[22 N.Y.2d 400 Page 404]

    --> As we have noted, the only apparent defect in the original indictment was its failure to allege that the two named defendants, although present in the same building at the same time and for the same purpose, had actually "assisted" one another in the commission of the crime. At most, and it is by no means certain, the indictment may have omitted one of the elements of first degree burglary. It is clear, however, that, if the facts alleged constituted a lower degree of the crime, the indictment was valid, regardless of whether or not those facts were sufficient to make out the higher offense charged therein. (See People v. Oliver, 3 N.Y.2d 684.) In Oliver, the indictment also accused the defendant of the crime of first degree burglary. There was, though, no specific allegation that the act had been committed at night, a necessary element of that offense. Nevertheless, this court held that the indictment was sufficient to charge the defendant with burglary in the second degree and refused to dismiss it. "The misnomer in describing the offense as in the first instead of the second degree", we wrote, "is of no moment" (3 N.Y.2d, at p. 686).

There is no question that in the present case all of the essential elements of the crime of second degree burglary, the crime of which the relator was convicted, were alleged in the original indictment and that he was, therefore, "in danger of having a valid judgment pronounced as the result of the trial." (People ex rel. Meyer v. Warden, 246 N. Y. 426, 429, supra.) Nor is there any doubt that the trial had progressed well beyond the point at which, under our law, jeopardy attaches. (See Matter of Bland v. Supreme Ct., 20 N.Y.2d 552; People ex rel. Stabile v. Warden, 202 N. Y. 138, 150.) Despite this, the district attorney was permitted to terminate the proceedings not only after all the evidence had been heard but after a verdict had been returned and to procure a new indictment alleging an additional fact. Such a procedure violates both the letter and the spirit of the constitutional protection against double jeopardy.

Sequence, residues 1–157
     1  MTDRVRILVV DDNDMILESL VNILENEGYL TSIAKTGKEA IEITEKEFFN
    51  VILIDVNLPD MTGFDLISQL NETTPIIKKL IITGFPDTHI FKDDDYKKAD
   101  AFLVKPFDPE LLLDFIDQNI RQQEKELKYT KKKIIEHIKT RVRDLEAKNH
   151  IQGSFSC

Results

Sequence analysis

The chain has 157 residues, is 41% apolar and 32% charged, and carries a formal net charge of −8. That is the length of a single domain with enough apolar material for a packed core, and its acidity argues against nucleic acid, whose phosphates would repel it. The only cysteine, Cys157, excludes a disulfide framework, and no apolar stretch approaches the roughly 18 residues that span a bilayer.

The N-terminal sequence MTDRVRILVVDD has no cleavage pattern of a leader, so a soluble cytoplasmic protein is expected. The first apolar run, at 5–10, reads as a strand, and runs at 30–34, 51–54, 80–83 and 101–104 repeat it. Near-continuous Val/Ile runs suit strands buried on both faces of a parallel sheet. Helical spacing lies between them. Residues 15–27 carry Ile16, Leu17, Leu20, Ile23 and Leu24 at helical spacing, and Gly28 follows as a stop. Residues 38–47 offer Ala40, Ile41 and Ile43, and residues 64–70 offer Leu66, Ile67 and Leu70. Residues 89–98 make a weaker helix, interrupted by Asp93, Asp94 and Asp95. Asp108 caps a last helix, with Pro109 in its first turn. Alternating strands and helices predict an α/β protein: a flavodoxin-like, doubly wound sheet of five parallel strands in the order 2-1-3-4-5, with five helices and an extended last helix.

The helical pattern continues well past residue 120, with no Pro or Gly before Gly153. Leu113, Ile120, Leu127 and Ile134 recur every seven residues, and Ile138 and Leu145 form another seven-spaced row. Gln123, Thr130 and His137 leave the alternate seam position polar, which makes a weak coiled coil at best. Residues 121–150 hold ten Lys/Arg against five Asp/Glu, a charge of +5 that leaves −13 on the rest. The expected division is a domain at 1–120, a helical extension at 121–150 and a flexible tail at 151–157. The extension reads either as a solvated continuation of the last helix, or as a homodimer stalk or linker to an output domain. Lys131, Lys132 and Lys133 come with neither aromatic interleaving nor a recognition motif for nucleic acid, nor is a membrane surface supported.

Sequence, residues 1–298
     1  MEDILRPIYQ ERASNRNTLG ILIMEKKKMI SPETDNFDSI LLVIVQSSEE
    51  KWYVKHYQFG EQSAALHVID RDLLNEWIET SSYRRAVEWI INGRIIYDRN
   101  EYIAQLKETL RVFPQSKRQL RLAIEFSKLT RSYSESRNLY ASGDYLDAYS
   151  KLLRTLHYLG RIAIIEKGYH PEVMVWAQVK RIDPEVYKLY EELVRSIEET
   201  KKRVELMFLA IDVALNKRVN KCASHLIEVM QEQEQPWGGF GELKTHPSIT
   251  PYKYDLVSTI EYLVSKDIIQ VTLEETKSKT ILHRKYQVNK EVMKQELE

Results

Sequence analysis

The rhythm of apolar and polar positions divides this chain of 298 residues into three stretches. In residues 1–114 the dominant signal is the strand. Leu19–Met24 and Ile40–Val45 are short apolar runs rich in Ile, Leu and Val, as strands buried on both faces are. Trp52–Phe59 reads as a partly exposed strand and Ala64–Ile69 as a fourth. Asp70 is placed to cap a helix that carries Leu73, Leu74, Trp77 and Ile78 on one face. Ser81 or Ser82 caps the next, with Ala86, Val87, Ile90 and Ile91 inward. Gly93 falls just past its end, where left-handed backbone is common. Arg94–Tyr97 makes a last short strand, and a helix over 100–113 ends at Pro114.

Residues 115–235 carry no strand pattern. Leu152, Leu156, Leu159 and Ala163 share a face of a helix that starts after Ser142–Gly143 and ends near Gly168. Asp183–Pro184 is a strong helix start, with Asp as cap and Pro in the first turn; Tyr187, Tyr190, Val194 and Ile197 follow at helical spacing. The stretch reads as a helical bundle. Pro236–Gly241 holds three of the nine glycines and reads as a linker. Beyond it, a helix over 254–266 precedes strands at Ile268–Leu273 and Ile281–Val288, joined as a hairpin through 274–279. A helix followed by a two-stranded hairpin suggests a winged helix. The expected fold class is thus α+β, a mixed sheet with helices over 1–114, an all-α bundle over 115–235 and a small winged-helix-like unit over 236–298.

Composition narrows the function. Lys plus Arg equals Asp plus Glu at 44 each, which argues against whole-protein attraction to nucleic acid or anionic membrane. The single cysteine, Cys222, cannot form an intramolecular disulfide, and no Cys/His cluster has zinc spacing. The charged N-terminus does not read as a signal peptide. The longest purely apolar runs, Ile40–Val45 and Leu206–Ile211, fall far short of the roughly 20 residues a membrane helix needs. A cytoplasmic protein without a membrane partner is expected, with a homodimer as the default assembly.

Since, as we have indicated, the second indictment which was returned against the relator was obtained in violation of his constitutional right, the conviction based upon it must be treated as a nullity and, accordingly, should not have been used as a predicate for multiple felony offender treatment. In the absence of another felony conviction, it is apparent that the relator's present imprisonment -- in excess of 12 years -- has already exceeded the maximum statutory limit for the crime of which he presently stands convicted. It follows, therefore, that he is entitled to immediate release.

The order appealed from should be reversed and the writ of habeas corpus sustained.

Order reversed and matter remitted to the County Court, Wyoming County, with directions to sustain the writ of habeas corpus.

Disposition

Order reversed and matter remitted to the County Court, Wyoming County, with directions to sustain the writ of habeas corpus.